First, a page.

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Soccer Rules Changes 1580-2000


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Question Number: 34226

Mechanics 5/19/2021

Steve Hawkins of Altadena, California USA asks...

This question is a follow up to question 34224

Clarification on #34224. The VAR is not looking for when the ball leaves the foot. A law change driven by VAR specifies in Law 11 that "The first point of contact of the 'play' or 'touch' should be used." As I understand it, this Law change was driven by the VAR experimentation and the fact the ball could/would be on the foot for more than one frame. The change essentially clarifies that the VAR is to look at the first of the frames showing contact, not the last.

Answer provided by Referee Joe McHugh

Hi Steve
Thanks for the contribution
Hawk-Eye in the English Premier League uses any broadcast camera to identify the point of contact with the ball by the attacker, and synchronises all cameras for this purpose. The broadcast cameras operate with 50 frames per second, so the point of contact with the ball is one of those frames inside the 50 per second.
The reason for the law update in 2018, according to IFAB, was that slow motion shows a detectable difference between the first and last contact with the ball so a definition of the precise moment that the ball is ‘played’ was needed when judging offside position.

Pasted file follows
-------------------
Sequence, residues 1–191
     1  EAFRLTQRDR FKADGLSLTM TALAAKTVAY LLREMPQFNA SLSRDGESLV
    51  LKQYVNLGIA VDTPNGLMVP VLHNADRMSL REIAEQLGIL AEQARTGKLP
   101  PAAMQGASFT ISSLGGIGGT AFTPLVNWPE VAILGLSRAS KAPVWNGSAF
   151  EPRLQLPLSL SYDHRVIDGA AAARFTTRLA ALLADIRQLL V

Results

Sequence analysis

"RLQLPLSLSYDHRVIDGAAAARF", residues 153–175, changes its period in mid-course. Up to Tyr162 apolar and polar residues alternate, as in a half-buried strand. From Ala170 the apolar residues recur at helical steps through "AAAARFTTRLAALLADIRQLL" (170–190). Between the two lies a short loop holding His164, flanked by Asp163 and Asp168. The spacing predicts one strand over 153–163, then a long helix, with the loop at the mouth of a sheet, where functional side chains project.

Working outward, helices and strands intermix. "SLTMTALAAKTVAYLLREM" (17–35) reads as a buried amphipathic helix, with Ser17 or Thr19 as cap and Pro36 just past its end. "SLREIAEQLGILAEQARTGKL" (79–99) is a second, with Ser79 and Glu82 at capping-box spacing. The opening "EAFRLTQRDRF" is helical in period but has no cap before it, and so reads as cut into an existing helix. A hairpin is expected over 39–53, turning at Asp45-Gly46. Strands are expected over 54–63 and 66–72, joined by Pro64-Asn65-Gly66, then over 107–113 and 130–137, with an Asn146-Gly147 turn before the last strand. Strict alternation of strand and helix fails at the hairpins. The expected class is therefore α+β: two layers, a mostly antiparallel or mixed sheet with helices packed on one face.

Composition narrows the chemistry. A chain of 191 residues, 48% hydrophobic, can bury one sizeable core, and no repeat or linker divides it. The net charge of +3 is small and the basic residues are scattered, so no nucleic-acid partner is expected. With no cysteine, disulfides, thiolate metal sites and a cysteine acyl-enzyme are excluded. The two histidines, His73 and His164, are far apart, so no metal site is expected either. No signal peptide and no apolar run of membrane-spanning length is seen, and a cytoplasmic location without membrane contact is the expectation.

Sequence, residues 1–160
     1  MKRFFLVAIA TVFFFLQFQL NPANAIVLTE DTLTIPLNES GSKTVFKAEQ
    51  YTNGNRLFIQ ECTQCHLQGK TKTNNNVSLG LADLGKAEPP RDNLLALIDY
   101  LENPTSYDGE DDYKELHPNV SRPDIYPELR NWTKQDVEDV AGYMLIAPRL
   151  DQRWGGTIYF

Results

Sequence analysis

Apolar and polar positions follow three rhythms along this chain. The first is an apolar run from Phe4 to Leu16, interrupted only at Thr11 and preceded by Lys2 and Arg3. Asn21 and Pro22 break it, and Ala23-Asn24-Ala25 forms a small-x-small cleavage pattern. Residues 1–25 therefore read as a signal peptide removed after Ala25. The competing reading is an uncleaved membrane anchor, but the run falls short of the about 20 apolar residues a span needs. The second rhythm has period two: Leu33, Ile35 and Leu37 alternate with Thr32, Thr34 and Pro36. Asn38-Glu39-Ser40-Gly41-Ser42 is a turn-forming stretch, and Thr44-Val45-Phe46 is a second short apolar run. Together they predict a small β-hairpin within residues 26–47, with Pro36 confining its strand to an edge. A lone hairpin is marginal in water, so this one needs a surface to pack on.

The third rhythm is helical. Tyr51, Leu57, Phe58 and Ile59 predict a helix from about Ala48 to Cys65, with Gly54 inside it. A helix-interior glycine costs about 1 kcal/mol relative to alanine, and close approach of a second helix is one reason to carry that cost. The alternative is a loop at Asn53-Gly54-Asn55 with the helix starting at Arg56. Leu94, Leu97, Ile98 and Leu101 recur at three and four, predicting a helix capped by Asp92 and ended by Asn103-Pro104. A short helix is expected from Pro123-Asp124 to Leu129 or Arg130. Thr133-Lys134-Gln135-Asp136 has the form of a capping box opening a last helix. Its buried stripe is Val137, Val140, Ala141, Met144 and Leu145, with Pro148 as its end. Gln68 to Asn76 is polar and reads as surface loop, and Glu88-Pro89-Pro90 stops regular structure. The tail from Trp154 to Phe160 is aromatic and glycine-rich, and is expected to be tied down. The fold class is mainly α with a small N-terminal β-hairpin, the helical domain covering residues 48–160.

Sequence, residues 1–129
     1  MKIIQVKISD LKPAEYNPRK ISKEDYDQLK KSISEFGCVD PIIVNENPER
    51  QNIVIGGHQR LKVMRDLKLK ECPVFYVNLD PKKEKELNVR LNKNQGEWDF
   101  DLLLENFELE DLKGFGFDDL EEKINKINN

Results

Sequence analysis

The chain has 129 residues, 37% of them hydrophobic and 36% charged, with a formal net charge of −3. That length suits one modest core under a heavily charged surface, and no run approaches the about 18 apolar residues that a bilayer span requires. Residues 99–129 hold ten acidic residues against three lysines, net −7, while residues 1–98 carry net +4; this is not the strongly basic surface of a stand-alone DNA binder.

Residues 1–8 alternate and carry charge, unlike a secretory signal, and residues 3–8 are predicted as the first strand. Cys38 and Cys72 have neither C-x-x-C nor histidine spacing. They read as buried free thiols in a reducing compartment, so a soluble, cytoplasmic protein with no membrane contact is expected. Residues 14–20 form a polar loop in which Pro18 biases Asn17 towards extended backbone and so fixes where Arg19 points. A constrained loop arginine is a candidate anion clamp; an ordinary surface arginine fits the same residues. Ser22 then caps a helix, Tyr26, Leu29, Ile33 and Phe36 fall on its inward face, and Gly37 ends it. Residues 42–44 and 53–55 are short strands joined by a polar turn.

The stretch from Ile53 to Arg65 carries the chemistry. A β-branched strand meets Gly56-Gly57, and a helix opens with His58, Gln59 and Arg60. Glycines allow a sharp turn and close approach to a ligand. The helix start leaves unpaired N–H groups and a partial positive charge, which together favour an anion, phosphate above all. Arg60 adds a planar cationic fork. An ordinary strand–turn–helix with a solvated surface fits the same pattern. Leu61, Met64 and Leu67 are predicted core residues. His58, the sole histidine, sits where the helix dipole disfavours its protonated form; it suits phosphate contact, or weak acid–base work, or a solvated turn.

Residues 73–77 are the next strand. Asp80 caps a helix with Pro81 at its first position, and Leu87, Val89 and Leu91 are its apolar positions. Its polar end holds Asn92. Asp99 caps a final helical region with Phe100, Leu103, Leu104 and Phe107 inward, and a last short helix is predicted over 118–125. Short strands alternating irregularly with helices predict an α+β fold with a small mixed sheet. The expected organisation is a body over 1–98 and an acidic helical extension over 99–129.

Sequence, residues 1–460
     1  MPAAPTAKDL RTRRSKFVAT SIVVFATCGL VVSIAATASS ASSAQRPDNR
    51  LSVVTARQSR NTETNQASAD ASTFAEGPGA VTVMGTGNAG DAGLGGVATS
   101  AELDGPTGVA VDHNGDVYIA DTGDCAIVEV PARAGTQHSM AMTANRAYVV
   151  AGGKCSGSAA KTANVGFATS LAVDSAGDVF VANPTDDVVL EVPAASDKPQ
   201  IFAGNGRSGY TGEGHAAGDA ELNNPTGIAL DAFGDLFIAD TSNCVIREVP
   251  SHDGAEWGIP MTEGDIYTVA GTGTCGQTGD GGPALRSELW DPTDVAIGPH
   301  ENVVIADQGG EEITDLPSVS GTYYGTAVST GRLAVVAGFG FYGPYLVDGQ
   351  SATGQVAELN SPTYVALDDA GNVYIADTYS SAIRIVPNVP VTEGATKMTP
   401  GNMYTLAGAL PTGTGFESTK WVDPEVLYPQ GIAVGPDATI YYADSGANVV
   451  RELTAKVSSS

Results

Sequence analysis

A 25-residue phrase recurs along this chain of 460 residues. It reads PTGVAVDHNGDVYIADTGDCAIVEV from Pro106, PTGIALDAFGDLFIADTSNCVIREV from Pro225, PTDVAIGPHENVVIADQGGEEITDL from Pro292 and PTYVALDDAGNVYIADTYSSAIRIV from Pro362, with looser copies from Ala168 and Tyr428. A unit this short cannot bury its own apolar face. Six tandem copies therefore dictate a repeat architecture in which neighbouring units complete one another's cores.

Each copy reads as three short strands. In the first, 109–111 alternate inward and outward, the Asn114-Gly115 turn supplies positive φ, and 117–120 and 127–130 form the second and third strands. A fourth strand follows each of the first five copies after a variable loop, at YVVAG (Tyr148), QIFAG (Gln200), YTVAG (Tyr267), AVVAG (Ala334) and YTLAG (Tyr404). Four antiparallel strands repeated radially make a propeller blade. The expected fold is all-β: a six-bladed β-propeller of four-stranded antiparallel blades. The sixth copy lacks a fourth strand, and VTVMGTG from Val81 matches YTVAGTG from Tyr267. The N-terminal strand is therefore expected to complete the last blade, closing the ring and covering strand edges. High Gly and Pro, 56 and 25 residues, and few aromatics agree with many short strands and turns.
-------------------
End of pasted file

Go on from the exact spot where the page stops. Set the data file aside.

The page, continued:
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Answer provided by Referee Richard Dawson

Thanks, Steve for the heads-up ,
but at 50 frames per second, the fact they sync all the factors to whatever frame is first used chances are the margins are too tight for the human eye unless we are lobbing a softly inflated minimum pressured ball. Some irony that last touched is now the first touch of the last touch lol THe fact is for the rest of the soccer world who can make such a judgment?
cheers



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Answer provided by Referee Jason Wright

Hi Steve,

That's correct - it is supposed to be the first frame.

However, we are still faced with the same concern over whether the correct frame has been chosen, especially given that a lot of movement can occur between frames - and with the relatively low resolution used in some leagues, it can be difficult (if not impossible) to tell if the ball is on the foot, or just very slightly off.

Frame fans since Hawkeye came into effect.



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Offside Explained by Chuck Fleischer & Richard Dawson, Former & Current Editor of AskTheRef



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